What Travelers Need to Know About Venice’s New Cruise Ship Regulations

The Italian government has had it with cruise ships. On Wednesday, officials announced they will start rerouting the massive boats away from the historic center of Venice.

In 2017, the government announced plans to limit the number of large cruise ships allowed to pass through the canals of Giudecca and San Marco, two of the city's main waterways. Now, that plan appears as though it’s finally coming to fruition. The plan’s implementation comes just two months after a cruise ship slammed into a dock in Venice and injured five people.

"The aim is to reroute about one-third of the cruise ships already booked on Venice toward new berths by 2020," Danilo Toninelli, the Italian minister of infrastructure and transport, said at a hearing on Wednesday, according to CNN. "We've been talking about big ships for 15 years, and nothing has been done. These floating palaces will start to go elsewhere."

Starting in September, some liners will be forced to dock at Fusina and Lombardia terminals, according to CNN. Although the terminals are still within the city's lagoon, they are out of the historic center. Toninelli noted, the city will be soliciting feedback from locals for a long-term solution to its cruise problem.

The city has been battling for years to ban cruise ships from its center. Protests began in 2006 when residents said that the large cruise ships were damaging the foundations of the city and displacing water levels. In 2013, local officials attempted to reduce the number of cruise liners larger than 40,000 tons from entering from the Adriatic, The Telegraph reported. However, in 2014, a regional tribunal overturned that rule.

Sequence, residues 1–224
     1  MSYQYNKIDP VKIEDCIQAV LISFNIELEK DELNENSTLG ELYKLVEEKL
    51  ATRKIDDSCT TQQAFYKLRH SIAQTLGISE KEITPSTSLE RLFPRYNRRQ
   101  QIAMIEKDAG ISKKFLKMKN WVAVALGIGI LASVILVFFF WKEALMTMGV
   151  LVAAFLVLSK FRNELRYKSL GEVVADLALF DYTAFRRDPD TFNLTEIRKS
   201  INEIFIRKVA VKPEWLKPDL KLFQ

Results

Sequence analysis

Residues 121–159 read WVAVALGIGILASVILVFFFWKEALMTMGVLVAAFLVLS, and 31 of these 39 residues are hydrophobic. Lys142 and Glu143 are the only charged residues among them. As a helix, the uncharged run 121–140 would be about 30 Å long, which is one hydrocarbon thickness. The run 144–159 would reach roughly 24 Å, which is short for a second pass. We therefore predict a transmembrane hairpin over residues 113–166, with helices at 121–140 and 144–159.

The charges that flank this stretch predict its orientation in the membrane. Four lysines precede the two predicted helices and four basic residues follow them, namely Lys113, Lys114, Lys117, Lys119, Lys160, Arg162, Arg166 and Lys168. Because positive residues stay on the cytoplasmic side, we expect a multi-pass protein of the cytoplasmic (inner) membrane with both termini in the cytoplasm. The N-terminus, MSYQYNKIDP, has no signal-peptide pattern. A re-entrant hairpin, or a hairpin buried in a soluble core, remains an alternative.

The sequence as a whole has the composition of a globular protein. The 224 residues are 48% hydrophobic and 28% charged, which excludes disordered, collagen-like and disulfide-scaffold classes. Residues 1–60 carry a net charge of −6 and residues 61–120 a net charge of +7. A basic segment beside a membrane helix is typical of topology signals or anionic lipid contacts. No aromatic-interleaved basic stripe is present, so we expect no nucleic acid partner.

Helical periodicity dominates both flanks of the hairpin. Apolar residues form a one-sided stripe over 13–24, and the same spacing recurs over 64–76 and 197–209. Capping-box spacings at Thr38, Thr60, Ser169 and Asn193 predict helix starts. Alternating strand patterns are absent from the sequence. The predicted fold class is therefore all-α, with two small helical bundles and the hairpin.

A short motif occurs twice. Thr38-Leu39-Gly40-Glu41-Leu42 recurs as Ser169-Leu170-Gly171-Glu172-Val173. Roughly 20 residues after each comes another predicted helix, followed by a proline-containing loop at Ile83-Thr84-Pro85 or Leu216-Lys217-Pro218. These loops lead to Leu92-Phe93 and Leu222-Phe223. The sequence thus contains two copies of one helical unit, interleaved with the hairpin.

The good news is, the cruise industry is apparently onboard with this most recent decision.

“The cruise industry has worked diligently with the Mayor of Venice, the Veneto Region, the Port Authority and many others to find viable solutions to allow larger cruise ships to access the Marittima berths without transiting the Giudecca Canal,” Adam Goldstein, Chairman of Cruise Lines International Association (CLIA) told The Express. "We are in agreement with the solution developed by Comitatone in 2017 to utilize the Vittorio Emanuele Canal as the best and most prudent means to move larger cruise ships away from the Giudecca. CLIA cruise line members welcome and will support the urgent implementation of this solution.”

Curbing the number of cruise ships entering Venice isn’t the only thing officials are doing to combat its over-tourism problem.

Earlier this year, the mayor of Venice announced the city's plan to implement a tourism tax, making it the first Italian city to apply a daytime entrance fee. Still, these two tourism control moves likely won't result in you having the city all to yourself. Some 25 million people are estimated to visit the city every year, making it one of the most popular tourist destinations on Earth.

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